Anabaptists and the “Kingdom of God”
Anabaptist in Munster
As mentioned in the article on Thomas Muntzer, many of the Anabaptists were Millenarians. They believed that the radical upheavals in the Church and the State were signs that God was purifying His church and that the return of Christ was imminent. While throughout the Medieval period the Church and State were separated but cooperative entities, many of the Millenarians believed that now Christ and the Church would reign. The Church would replace all forms of government. Some also saw the return of the office of prophet and apostle.
Many of the common people believed that both the King and the Pope were oppressive. The State and the Church pressed the people for monetary contributions in the form of taxes and tithes. The State and the Church could order the conscription of the common people to fight in holy conflicts or wars. Both the clergy and the rulers had privileges that the average person could not avail and many of them wanted to see the overthrow of the existing system and a new order of rule.
John of Leiden was one such person. He had heard the fiery sermons of Melchoir Hoffman(1) from Revelations 20, who said that Christ was purging His church and judgment would soon come upon the unbelievers. John Matthys was a baker who believed he had been anointed by the Holy Spirit to fulfill the prophecies of Hoffman. Matthys later claimed to be the witness Enoch, from the Book of Revelation. After being Baptized by Matthys, John of Leiden was sent as an “apostle” to spread the message around the Netherlands. In time, John became frustrated with patience and prayer and began to advocate the use of force against all unbelievers.
Munster: The New Jerusalem
In 1534, John came to Munster in Westphalia, Germany. He joined with the local Anabaptist preacher Bernhard Rothman. It is important to note that the Anabaptists were self-appointed preachers. The previous year, Rothman and his followers had pressured the city council to grant religious freedom in the city. This allowed them to be free from the constraints of the Roman Catholic or Lutheran Church.
A month after Leiden came to Munster, John Matthys also arrived. Matthys had taught that the world would be destroyed but that the city Munster would be a city of refuge from the judgment of God. He predicted that Jesus would return on Easter. End-time hysteria had gripped some of the people of Munster.
Soon there was a revolt that overthrew the city council as well as the bishop. Matthys quickly took control of the city. The Anabaptist leaders said that all the Roman Catholics and Lutherans were to be considered enemies of God. Rather than killing them as Matthys wanted, they were expelled from the city. All remaining members of the city were ordered to be baptized.(2) Those who were members of the Roman Catholic or Lutheran Church fled the city. Others who were sympathetic to the radicals came to Munster. The city was to operate as a commune with everyone sharing all goods. All books were burned and those accused of being demon processed were killed.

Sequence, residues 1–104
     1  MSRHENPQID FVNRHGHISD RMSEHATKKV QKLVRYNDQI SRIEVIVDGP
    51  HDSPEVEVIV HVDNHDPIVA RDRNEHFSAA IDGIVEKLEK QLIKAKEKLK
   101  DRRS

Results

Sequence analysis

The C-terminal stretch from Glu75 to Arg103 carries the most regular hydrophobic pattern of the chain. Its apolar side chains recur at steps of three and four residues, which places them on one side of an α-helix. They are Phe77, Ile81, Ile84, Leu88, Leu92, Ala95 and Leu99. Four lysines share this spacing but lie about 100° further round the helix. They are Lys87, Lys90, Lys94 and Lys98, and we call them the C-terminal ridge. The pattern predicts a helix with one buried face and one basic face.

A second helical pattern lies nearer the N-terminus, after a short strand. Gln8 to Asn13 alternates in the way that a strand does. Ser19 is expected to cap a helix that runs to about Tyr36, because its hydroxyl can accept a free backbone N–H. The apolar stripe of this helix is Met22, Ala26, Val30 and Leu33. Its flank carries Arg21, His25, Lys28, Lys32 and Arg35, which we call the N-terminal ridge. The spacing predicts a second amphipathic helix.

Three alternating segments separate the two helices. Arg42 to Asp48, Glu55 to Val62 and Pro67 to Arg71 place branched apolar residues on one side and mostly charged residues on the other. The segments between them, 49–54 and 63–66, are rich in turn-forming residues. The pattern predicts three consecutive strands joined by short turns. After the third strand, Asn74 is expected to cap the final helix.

Polygamy was also instituted. This came about because Matthys had ordered that all women were to be married but there were more women in the city than men. Historical accounts vary but it is recorded that Leiden had 12 to16 wives. These measures were meant to establish Munster as a theocracy, like the nation of Israel in the Old Testament.
Fall of the City of Refuge
The overthrow of the local government, expelling of the religious leaders, executions, destruction of property, and polygamy cause those outside the city to see the Anabaptists as anarchists. Franz Van Waldeck, the bishop that was thrown out of Munster, assembled an army to siege the city. Matthys decided that he would attack the army outside the walls. He told his followers that God had empowered them to win. Matthys's attack on the army of Waldeck was a disaster. He was killed and decapitated. His head was placed on a pike to discourage the people of Munster. John of Leiden assumed his place as prophet. In a matter of months, John instituted began to act like a dictator. He went so far as to declare Munster as the “New Jerusalem” and crown himself as the king.
Waldeck's siege continued. And after a few successful defenses, the city finally fell to the Bishop's army. John was arrested and tortured to death by the Roman Catholics. After execution, the bodies of the executed Anabaptists leaders Jan van Leiden, Bernd Knipperdollink and Bernd Knechting were put on display in three metal cages on the front of St. Lambert's church. The cages remain there to this day. It was the actions of Matthys and Leiden at Munster that caused the mainstream Reformers to be highly suspect of all Anabaptists.
(1) After three years, Melchoir was arrested and imprisoned to silence his preaching that was considered seditious. Those who continued to follow his ideas were called Melchoirites.
(2) This was considered to be a “rebaptism” by the Lutherans and Roman Catholics whom both practiced infant baptism.